The city of Samarinda in Indonesia is on a mission to create a safe, healthy, and sustainable environment for its residents. And it is facing a challenge from rising greenhouse gas (GHG) emissions.
Samarinda is of regional importance and representative of the building and growth characteristics of the major cities in Indonesia. It is also near the new capital city Nusantara. Typical of a city that is developing fast to meet the aspirations of its people, there is rapid growth of demand in housing and electricity-intensive appliances like air conditioning.
The rising energy use in Samarinda’s building sector is leading to an increase in GHG emissions. According to Global Building Performance Network’s Sub National Strategic Lead Yeni Indra, this is a double-whammy.
“Unsustainable building practices and GHG emissions affect the environment and health of the people. It also adversely impacts the achievement of Nationally Determined Contribution (NDC) targets for reducing carbon emissions.” Ms Indra said.
“In a baseline assessment of energy demand in Samarinda, it was found the rise in electricity demand is expected to increase by +7 percent per annum. With the rise in housing units, there will also be a rise in water demand. Without mitigation actions, Samarinda, and Indonesia will not be able to reach the NDC targets for a low-carbon future for Indonesia.”
Strategy for an eco-friendly Samarinda
Starting in November 2020, GBPN has worked closely with the local government as well as Universitas 17 Agustus 1945 (UNTAG) University to design low-carbon building policies.
Ms Indra said that GBPN’s work in Samarinda was a great example of how strong coalitions with local experts helped tailor impactful policy solutions that will work in the region.
“Collaborating with local expert partners is essential. GBPN worked in strong collaboration with UNTAG University, which provided us with local data and field information regarding energy saving and population,” she said.
“UNTAG helped us assess how successful our strategies and data would be on the ground. This in turn helps us ensure our policies and plans complement the existing national policies and have a good follow-through to implementation.”
UNTAG University’s Head of Architecture Mr Ir. Prasetyo said the partnership with GBPN was central to the success of the project, as each partner brought different skills to the table.
“This people-centred collaboration is a strategic enabler,” he said.
“It allows us to share knowledge and experience between international and local experts while implementing low-carbon policy.”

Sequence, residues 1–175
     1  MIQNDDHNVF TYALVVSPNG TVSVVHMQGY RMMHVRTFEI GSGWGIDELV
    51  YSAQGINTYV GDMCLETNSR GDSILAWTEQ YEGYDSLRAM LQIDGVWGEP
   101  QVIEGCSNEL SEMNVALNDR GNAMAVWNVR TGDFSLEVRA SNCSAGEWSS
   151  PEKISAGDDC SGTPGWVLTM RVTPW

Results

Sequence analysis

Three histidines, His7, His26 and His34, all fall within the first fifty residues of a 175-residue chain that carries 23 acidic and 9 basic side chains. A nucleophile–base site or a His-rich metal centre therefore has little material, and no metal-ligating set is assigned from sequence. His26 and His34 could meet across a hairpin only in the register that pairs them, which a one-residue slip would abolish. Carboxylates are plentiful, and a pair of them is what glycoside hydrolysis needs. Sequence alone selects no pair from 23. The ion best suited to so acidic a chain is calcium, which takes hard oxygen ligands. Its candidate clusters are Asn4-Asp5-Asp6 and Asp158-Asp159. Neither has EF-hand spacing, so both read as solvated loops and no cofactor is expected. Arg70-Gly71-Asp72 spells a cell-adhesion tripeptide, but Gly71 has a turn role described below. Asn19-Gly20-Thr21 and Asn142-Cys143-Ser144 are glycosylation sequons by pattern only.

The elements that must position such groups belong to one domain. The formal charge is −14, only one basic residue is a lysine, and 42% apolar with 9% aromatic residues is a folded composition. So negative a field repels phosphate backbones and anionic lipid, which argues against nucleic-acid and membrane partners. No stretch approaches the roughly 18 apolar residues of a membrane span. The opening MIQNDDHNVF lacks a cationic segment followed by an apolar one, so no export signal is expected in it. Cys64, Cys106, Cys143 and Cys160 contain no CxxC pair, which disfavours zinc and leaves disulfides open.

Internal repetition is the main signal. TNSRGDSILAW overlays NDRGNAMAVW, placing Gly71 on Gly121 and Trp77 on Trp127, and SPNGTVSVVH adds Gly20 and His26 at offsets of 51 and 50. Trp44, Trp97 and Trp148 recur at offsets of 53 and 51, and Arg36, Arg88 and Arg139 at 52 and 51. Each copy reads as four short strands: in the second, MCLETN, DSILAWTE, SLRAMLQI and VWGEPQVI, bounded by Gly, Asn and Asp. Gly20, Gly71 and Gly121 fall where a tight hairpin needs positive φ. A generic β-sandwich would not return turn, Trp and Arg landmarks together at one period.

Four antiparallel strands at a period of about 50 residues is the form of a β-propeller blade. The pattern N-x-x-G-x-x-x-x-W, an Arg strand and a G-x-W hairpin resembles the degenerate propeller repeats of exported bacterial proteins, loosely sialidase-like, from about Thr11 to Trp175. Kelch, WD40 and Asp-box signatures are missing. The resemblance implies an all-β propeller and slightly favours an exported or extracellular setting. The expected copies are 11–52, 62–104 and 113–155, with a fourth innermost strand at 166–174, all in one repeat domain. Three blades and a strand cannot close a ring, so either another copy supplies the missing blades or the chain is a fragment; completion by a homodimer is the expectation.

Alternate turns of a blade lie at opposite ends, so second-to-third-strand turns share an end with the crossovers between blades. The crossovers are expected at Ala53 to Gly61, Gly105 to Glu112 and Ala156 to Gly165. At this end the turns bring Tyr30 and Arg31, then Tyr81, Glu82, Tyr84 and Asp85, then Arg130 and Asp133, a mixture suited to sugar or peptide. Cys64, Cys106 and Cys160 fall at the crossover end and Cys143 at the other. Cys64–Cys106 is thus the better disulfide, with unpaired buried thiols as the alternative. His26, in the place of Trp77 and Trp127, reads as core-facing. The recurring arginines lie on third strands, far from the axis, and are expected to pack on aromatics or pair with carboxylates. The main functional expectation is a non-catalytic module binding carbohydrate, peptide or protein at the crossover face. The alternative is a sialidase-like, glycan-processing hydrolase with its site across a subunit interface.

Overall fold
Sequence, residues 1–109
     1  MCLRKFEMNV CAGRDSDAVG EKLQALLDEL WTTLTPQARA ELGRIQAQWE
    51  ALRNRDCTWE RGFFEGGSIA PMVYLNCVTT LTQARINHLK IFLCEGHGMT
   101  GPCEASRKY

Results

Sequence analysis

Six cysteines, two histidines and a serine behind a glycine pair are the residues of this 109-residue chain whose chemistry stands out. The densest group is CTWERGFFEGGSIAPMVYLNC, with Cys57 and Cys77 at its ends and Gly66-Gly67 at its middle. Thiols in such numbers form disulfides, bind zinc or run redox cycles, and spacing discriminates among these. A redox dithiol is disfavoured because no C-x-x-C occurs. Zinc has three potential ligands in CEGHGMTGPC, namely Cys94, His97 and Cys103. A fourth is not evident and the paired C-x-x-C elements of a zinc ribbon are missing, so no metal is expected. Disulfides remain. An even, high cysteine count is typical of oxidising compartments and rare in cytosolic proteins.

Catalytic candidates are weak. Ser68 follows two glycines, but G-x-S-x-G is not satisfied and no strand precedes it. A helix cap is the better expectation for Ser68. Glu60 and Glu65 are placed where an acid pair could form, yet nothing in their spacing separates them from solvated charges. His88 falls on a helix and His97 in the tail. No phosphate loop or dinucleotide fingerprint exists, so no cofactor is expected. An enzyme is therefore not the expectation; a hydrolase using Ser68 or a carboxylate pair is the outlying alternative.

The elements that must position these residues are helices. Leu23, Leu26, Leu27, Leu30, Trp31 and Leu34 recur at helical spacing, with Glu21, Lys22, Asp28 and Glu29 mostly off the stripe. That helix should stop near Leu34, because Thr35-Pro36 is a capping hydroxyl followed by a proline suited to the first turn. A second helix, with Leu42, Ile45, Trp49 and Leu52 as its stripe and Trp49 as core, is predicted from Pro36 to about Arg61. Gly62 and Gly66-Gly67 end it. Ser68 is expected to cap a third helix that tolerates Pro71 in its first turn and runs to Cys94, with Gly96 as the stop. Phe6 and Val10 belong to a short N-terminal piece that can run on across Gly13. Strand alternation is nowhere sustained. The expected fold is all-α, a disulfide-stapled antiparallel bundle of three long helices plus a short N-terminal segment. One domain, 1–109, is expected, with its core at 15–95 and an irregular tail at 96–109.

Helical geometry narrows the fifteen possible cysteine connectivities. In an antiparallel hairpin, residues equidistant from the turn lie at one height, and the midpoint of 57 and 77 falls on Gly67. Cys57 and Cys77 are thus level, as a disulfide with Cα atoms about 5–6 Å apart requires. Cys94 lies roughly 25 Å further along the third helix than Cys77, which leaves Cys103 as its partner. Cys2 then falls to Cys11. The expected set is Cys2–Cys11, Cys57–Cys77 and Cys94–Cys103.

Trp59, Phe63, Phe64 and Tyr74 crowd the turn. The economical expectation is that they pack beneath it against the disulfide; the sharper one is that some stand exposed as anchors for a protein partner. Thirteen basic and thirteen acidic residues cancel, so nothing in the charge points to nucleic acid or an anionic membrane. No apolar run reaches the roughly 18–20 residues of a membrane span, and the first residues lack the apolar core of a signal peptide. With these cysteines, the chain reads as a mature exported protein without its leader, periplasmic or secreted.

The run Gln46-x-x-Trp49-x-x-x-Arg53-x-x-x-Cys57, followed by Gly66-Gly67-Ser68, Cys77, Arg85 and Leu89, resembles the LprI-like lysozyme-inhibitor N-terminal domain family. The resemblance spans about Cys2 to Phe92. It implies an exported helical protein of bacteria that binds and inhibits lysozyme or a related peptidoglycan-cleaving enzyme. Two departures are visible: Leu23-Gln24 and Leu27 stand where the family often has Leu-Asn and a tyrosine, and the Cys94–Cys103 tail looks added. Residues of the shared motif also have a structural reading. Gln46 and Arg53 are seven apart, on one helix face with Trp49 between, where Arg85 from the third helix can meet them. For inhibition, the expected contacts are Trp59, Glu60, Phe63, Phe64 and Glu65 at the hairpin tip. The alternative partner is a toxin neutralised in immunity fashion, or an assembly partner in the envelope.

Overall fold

A policy win for Samarinda and its people
The GBPN-UNTAG team supported Samarinda in the development of a policy for energy efficiency. In 2021, the policy recommendations became part of the Mayoral Decree 55/2021. The decree is a landmark policy win; it is the first set of green building regulations to be adopted outside of Java.
The Mayor of Samarinda, Dr H. Andi Harun, said the GBPN project was a key step in developing implementable energy-efficient building policies.
“In accordance with the Vision and Mission of the City of Samarinda to create a city with a safe, comfortable, harmonious and sustainable environment, we feel the need to implement policies for energy and water savings. This Mayoral Decree is proof that the City of Samarinda takes the role and responsibility so that Indonesia can achieve the NDC target,” Dr Harun said.
GBPN CEO Dr Peter Graham said, “What’s particularly exciting about this project is that the work we’ve done here can be scaled and replicated elsewhere. Samarinda was a strategic choice of location because of its proximity to Nusantara, meaning the learnings from this project can be applied in the new capital city and in other locations in Indonesia as well.”
Effective implementation can deliver real changes
The work does not stop here. For the regulations to make a real impact on the ground, they need to be implemented effectively.
GBPN will now support the implementation of the decree through local stakeholder engagement networks to steward alignment with Indonesia’s Long-Term Strategy for Low Carbon and Climate Resilience 2050. GBPN is working closely with the city government to develop a technical guideline for implementing the Mayoral Decree based on a practical understanding of the local conditions and challenges.
To strengthen capacity building with the Samarinda Government, GBPN also supported multiple special training and education programs specifically to understand the local building culture, policies, and practices.
“Our experience in Samarinda highlights the genuine capacity of policy work to deliver real changes – to the way developers build, to providing transferable assets that could be used in other regions and to better and healthier communities,” Dr Graham said.